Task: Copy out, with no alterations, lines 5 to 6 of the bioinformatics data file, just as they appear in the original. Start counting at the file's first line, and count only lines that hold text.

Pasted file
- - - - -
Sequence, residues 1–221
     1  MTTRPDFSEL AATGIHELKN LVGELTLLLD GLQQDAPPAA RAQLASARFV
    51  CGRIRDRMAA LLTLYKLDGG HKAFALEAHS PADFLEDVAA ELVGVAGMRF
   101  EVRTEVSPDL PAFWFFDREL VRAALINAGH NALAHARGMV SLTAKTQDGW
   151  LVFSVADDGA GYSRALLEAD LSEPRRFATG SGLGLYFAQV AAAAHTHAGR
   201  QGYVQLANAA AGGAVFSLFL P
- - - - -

   151  LVFSVADDGA GYSRALLEAD LSEPRRFATG SGLGLYFAQV AAAAHTHAGR
   201  QGYVQLANAA AGGAVFSLFL P